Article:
One of the hottest topics at this year’s Sibos conference in Geneva, Switzerland was open APIs (application programming interfaces), and how their introduction is causing concern among some financial institutions, while offering promising opportunities for early adopters. Regulations, such as Europe’s revised Payment Services Directive (PSD2) and others, is driving the move toward open APIs in financial services, and this blog explores some of the key technical issues discussed at Sibos.
Defining the data dictionary and data model
For open APIs to be interoperable—that is, to work effectively among different parties—there has to be a defined (and agreed upon) data dictionary and data model. If the data structure and data elements are not standardized and published, then there can be no standard framework for developers to work against, and every API implementation must then be custom. This is one of the key technical considerations that the banking community must resolve to ensure the quick development of applications and a rapid return on investment.
Once you have agreed upon the data dictionary and data model, additional issues must be addressed. For example, who will own the data model and update it? And, what API calling message structure should be used? ISO 20022, already extensively used in the banking community, is viewed as a good starting point for defining the data dictionary and data model. However, it is likely too onerous for defining the API calling message structure. So, will a new regulatory standard be required?
Balancing ease of use versus security
Balancing ease of use versus security is another key technical issue. Why is Uber successful? One reason is its ease of use. History has proved that consumers will always use the easiest option available. Therefore, for APIs to be successful, they have to be simple and easy to use.
In addition, as cyber threats continue to increase, the new open API economy needs to be made more secure. This can be done by building end-to-end security into applications, adopting a federated identity model, and connecting business services with the payment function, thereby bypassing manual interventions, log-ins, passwords, etc. Biometrics, including fingerprint and iris scans, also will continue to evolve for user access to mobile devices, ensuring higher levels of security.
Choosing the right API platform
APIs are more than opening up core applications to third parties. At run time, a bank needs an API platform to perform load balancing and to monitor and control access and usage. For example, predicting future volumes and peak load timings for consumer generated traffic is difficult, so ensuring that a system can be scaled up and down to provide instant or near instant response times, irrespective of the number of concurrent users, is essential. If the application is not available when consumers try to access it, they will immediately switch to an alternative service and probably won’t return if they get a good experience elsewhere. Therefore, the service has to be quick, easy and almost certainly available 24/7.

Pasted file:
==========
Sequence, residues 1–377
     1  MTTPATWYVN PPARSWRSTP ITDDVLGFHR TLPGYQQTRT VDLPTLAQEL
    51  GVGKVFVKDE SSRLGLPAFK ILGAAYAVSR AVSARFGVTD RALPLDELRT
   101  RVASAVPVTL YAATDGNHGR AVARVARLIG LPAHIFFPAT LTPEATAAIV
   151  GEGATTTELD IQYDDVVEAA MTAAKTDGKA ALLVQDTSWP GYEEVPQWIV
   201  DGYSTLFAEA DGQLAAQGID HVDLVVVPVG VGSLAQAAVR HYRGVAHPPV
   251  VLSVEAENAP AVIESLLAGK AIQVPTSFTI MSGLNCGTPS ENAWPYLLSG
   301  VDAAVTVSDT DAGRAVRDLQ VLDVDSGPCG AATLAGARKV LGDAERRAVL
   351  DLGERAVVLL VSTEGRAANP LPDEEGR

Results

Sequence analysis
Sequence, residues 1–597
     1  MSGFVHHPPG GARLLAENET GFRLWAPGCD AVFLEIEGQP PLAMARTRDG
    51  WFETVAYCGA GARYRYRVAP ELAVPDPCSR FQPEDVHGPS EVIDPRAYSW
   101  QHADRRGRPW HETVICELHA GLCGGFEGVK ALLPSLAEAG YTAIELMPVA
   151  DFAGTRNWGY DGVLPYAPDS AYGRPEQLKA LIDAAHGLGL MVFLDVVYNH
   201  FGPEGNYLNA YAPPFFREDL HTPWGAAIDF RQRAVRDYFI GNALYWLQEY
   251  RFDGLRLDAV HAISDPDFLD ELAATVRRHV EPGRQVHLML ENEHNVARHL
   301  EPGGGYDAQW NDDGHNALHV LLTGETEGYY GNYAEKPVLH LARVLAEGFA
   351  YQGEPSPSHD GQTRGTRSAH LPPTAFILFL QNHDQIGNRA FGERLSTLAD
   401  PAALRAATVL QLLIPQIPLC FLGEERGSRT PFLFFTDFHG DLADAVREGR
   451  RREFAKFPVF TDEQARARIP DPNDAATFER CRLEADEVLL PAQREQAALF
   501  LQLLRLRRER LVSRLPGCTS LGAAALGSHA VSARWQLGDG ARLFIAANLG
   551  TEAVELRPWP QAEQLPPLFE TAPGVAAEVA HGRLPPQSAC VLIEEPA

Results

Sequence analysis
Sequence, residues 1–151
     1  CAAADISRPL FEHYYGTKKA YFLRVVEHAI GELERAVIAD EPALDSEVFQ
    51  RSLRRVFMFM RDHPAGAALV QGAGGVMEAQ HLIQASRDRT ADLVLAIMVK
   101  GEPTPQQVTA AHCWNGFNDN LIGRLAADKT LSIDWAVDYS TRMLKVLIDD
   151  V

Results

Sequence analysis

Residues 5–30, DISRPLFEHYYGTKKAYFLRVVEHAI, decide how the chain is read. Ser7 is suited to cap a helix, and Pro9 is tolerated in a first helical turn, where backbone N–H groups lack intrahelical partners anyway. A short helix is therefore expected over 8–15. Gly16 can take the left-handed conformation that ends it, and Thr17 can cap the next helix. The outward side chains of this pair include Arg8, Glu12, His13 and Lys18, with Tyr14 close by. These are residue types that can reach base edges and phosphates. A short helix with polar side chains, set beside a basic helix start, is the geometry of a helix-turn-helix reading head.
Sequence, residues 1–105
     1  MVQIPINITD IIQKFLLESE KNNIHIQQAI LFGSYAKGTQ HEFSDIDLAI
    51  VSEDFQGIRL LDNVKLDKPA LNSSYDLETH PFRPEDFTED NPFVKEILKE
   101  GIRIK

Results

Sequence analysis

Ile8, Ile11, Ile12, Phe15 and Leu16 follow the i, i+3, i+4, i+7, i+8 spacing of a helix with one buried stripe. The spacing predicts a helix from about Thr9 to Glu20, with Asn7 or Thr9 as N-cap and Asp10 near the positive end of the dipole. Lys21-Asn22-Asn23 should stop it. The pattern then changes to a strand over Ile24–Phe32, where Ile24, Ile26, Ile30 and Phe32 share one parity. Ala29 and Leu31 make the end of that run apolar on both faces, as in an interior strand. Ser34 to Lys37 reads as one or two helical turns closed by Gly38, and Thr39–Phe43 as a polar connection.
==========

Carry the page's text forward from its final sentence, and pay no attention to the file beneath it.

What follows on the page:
How should banks respond?
Recent research published by CGI—FinTech Disruption in Financial Services—shows that both consumers and businesses are seeking more from their banking providers. As digital transformation continues to accelerate across the globe, businesses and consumers will start to look beyond their existing banking relationships and consider moving to new providers, including FinTechs. So, there is increasing competitive pressure in the financial services market.
Historically, early adopters of new technology have often not gained much advantage over mainstream players. However, in the case of the developing open API economy, those financial institutions that embrace it now will have a major opportunity to leap ahead of the laggards and make significant gains in market share. While open APIs are not the only answer to increasing market competition, they are a driver for banks looking to engage in true digital transformation that offers real benefits for their retail customers and corporate clients. Whether providing a new service to assist the mass affluent in making informed investment decisions or giving corporates the ability to integrate their banking into the supply chain, early adopters of open APIs will win and may win big.
For more insight on the open API economy, read CGI’s white paper, “How Banks Can Create Value from the Rise of the Open API Economy in Financial Services.” Also, feel free to reach out to me for further discussion.
About this author
Vice-President, Financial Services
Jerry Norton is CGI’s Capital Markets and Corporate & Transaction Banking leader. He is jointly responsible for CGI’s strategy across the banking industry and is a member of CGI’s Banking Industry Cabinet and its Growth Council, which govern CGI’s global $2bn plus financial services business. ...